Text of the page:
To invoke war or the danger of war to justify other political means is not really new. It has been often, and recently, used to curtail citizens rights and/or to limit the extend of democratic control of governments. In this interesting pod-cast (13 MB, duration 28 minutes) by the BBC, the tension between climate policy and democracy is discussed, among others, by James Lovelock, Mark Lynas and Michael Jacobs, advisor on climate change to the former UK Prime Minister Brown.
In previous posts here at the Klimazwiebel, some positions held by vocal climate researchers, purportedly smacking of stalinism, were criticized. This prompted probably justified responses that argued such comparison were far-fetched. Well, after hearing this pod-cast, I would say that I feel uneasy. There is indeed in some of the opinions expressed there a subtle - or clear - call for a limitation of democracy, faced by the most dangerous threat in the history of human kind. We have to go for broke, even if the bet on the table is democracy itself.
Not all opinions expressed in the podcast are one solid block, though. Whereas Lovelock would clearly defend an autocratic regime to impose severe emission cuts, Jacobs retorts that actually an autocratic regime would be detrimental for the climate cause: a regime like China would rather be more interested in pursuing economic growth to remain in power than in restraining emissions.
As an aside, I would share with you a personal experience that I felt when I moved to Germany 20 years ago. For me, the influence and power of the German Green party at that time was really surprising. After the fall of the wall, the Western Green party was augmented by bits of political grass-root movements from the former German Democratic Republic. I read and listened to their political messages and rhetoric anew, from a fresh perspective that probably many other German citizens could not have. Simultaneously, several historical television series were running episodes on Nazi Germany, some of them featuring not only the well-known events of the pre-war years and during the war itself, but also trying to explain its ideological roots. I could not avoid identifying, from my naïve perspective, clear similarities in their language and mostly in the 'kitsch' characterising their Weltanschauung: the cult for Boden (=Soil), Lebensraum, a society in harmony with nature and agriculture, their deep anti-capitalist views, etc. I am by no means implying that there is direct connection between 20th century nazism and 21st century German environmentalism, but I do have the feeling that their ideology partially drew from a common romantic substrate previously present in European culture of the 19th century, that has re-emerged in the last few decades.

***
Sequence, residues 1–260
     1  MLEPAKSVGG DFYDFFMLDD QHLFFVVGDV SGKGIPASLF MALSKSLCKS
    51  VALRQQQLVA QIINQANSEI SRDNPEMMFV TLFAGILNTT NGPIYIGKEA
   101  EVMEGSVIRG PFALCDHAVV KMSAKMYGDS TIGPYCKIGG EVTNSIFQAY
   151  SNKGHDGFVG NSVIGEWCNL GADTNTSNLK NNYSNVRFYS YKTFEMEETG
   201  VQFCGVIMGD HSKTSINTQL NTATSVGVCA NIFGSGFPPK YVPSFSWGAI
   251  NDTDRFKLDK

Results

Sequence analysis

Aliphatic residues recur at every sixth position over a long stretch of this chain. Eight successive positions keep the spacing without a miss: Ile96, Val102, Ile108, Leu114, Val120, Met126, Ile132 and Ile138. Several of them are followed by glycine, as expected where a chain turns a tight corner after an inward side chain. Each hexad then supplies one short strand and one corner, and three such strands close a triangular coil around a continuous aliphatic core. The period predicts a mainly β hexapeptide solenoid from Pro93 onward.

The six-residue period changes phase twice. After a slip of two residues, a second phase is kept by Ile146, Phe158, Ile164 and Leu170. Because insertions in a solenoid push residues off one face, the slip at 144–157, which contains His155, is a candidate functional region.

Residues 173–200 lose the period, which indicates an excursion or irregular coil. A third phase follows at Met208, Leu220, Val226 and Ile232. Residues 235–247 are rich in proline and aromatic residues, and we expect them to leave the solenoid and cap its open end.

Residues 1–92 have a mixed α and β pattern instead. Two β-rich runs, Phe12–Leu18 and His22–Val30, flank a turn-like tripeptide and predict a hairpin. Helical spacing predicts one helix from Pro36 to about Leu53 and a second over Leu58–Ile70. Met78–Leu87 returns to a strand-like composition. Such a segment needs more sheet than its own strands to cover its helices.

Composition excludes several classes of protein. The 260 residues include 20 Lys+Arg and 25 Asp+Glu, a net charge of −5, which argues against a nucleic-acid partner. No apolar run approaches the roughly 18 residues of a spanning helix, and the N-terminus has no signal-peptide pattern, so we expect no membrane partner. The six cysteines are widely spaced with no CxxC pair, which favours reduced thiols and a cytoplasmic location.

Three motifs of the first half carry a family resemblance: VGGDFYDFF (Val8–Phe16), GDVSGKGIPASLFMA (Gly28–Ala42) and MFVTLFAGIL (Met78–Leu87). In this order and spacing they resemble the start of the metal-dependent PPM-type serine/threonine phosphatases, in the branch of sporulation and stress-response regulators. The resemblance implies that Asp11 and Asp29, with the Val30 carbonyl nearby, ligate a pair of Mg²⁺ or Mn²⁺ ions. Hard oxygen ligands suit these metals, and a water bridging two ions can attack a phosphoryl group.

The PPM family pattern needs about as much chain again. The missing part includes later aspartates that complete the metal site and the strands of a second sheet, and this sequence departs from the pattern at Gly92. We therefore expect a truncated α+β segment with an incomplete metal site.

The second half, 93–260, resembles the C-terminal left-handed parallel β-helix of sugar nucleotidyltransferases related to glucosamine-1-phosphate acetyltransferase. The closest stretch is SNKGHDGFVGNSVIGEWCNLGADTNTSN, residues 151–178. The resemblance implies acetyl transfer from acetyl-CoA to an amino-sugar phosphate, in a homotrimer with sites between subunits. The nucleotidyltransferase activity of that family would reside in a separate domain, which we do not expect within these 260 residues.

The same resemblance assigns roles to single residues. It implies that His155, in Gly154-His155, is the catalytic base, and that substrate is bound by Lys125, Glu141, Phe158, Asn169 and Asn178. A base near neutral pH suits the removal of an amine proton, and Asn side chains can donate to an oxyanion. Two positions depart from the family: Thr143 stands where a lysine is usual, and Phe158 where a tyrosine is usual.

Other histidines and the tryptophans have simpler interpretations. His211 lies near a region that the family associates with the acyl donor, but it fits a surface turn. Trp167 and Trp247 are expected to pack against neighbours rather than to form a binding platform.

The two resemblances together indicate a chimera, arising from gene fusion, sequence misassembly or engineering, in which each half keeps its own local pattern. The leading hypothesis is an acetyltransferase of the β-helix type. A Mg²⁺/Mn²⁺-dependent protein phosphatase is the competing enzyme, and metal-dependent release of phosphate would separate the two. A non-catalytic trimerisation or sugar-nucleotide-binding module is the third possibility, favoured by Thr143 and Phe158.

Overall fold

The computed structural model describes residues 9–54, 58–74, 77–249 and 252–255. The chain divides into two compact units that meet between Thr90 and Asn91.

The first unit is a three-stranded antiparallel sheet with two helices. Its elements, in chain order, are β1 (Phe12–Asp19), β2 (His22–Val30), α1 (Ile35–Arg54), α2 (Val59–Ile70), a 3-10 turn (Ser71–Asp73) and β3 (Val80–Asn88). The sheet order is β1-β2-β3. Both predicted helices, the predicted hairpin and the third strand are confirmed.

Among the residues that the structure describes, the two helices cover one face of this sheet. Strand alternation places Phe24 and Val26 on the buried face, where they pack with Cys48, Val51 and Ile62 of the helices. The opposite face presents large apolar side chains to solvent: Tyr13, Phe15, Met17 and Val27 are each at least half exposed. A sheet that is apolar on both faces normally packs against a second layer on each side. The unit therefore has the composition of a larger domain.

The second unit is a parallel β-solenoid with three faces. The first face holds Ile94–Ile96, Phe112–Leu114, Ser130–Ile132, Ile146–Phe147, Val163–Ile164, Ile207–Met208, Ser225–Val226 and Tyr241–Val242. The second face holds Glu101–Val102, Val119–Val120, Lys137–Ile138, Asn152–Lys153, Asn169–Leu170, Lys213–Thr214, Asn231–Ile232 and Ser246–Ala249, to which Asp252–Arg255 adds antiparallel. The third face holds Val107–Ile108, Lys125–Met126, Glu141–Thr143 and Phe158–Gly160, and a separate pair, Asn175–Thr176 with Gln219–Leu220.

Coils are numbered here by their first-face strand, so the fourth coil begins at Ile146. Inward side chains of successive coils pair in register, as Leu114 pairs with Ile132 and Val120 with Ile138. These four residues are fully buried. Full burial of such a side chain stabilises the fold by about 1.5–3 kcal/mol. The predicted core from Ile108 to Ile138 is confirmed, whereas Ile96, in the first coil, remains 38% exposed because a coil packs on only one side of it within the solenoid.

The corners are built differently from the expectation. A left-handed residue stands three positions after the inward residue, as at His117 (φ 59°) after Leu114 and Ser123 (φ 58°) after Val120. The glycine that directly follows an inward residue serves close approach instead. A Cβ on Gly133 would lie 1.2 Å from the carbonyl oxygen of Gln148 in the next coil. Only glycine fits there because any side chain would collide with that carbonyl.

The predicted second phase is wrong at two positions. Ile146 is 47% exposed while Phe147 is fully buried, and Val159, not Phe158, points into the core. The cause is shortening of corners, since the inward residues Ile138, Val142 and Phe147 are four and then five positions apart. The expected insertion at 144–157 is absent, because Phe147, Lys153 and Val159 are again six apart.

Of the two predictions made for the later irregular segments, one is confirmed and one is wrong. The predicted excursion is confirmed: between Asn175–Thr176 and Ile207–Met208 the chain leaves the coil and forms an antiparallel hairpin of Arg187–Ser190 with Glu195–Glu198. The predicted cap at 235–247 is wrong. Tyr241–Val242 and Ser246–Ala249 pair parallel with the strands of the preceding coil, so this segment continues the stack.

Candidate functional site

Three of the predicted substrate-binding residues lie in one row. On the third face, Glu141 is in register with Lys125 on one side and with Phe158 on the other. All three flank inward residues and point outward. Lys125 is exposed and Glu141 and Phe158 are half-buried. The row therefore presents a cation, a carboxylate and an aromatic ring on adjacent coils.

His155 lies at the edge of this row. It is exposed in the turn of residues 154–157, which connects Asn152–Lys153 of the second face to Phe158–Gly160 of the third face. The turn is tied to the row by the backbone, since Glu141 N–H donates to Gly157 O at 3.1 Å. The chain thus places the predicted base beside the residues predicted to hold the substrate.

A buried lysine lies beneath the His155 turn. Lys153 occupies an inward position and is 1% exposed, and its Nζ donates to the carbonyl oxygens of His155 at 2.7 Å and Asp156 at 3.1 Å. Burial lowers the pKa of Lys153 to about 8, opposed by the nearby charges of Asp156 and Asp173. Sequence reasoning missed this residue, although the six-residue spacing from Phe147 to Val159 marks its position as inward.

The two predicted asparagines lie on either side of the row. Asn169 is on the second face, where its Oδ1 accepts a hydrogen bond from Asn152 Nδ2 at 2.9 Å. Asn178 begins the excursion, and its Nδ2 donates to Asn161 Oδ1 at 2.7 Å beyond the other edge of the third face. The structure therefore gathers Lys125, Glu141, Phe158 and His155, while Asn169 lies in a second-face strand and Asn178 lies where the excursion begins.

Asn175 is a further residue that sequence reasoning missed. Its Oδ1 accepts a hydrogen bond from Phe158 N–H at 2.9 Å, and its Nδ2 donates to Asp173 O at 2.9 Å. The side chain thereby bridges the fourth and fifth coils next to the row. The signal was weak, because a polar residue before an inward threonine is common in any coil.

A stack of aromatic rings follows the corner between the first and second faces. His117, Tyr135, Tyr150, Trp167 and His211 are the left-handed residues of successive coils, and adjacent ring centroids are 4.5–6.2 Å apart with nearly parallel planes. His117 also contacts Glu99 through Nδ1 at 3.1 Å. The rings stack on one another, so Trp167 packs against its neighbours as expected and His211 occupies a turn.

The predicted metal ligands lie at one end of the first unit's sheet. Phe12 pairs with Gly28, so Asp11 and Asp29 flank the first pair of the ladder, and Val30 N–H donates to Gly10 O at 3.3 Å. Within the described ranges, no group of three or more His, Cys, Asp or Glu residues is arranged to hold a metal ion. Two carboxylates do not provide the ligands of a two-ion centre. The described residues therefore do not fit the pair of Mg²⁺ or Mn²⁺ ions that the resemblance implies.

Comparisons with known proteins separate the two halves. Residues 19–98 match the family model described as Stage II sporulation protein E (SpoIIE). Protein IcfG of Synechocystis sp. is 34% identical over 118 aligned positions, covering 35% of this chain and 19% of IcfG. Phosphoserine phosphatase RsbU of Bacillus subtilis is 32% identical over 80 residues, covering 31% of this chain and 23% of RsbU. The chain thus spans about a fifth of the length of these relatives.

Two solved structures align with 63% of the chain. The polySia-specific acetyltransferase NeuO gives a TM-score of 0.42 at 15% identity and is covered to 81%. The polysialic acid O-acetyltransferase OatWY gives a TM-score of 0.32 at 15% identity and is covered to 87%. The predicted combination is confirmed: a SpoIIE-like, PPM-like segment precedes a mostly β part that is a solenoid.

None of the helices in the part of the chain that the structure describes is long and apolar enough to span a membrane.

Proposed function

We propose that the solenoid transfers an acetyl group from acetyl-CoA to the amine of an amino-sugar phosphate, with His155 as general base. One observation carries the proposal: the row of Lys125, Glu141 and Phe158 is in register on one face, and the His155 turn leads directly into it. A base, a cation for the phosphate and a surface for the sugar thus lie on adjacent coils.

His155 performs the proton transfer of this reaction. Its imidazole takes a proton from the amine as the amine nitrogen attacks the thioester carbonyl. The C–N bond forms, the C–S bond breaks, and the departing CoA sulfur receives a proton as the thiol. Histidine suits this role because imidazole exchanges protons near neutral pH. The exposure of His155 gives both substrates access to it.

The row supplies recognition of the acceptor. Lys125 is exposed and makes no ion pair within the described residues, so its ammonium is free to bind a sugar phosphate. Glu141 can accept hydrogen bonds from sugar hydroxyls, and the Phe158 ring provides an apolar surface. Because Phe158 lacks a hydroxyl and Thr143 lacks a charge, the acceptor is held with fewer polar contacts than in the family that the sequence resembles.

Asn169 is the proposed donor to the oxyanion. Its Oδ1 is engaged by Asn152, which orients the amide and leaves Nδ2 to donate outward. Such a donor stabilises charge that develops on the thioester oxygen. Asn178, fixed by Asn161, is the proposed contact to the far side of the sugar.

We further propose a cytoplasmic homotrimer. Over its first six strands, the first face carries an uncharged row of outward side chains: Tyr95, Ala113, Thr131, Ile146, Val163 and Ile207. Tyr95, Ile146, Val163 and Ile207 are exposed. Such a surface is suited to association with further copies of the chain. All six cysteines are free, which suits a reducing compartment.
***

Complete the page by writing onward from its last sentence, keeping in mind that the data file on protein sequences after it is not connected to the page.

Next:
Parts of environmentalism have however clearly recently changed, supporting now a decisive thrust in technological innovation and maybe nuclear power, rather than emphasizing energy restraint. Mark Lynas expresses it very clearly. Enjoy